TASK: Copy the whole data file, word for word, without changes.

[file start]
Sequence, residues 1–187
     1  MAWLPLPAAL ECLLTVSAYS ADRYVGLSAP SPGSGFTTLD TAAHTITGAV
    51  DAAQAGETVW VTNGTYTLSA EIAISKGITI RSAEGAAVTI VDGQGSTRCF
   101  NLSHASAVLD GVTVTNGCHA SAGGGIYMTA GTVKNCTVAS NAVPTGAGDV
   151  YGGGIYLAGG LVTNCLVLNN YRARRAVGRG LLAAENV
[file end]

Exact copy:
Sequence, residues 1–187
     1  MAWLPLPAAL ECLLTVSAYS ADRYVGLSAP SPGSGFTTLD TAAHTITGAV
    51  DAAQAGETVW VTNGTYTLSA EIAISKGITI RSAEGAAVTI VDGQGSTRCF
   101  NLSHASAVLD GVTVTNGCHA SAGGGIYMTA GTVKNCTVAS NAVPTGAGDV
   151  YGGGIYLAGG LVTNCLVLNN YRARRAVGRG LLAAENV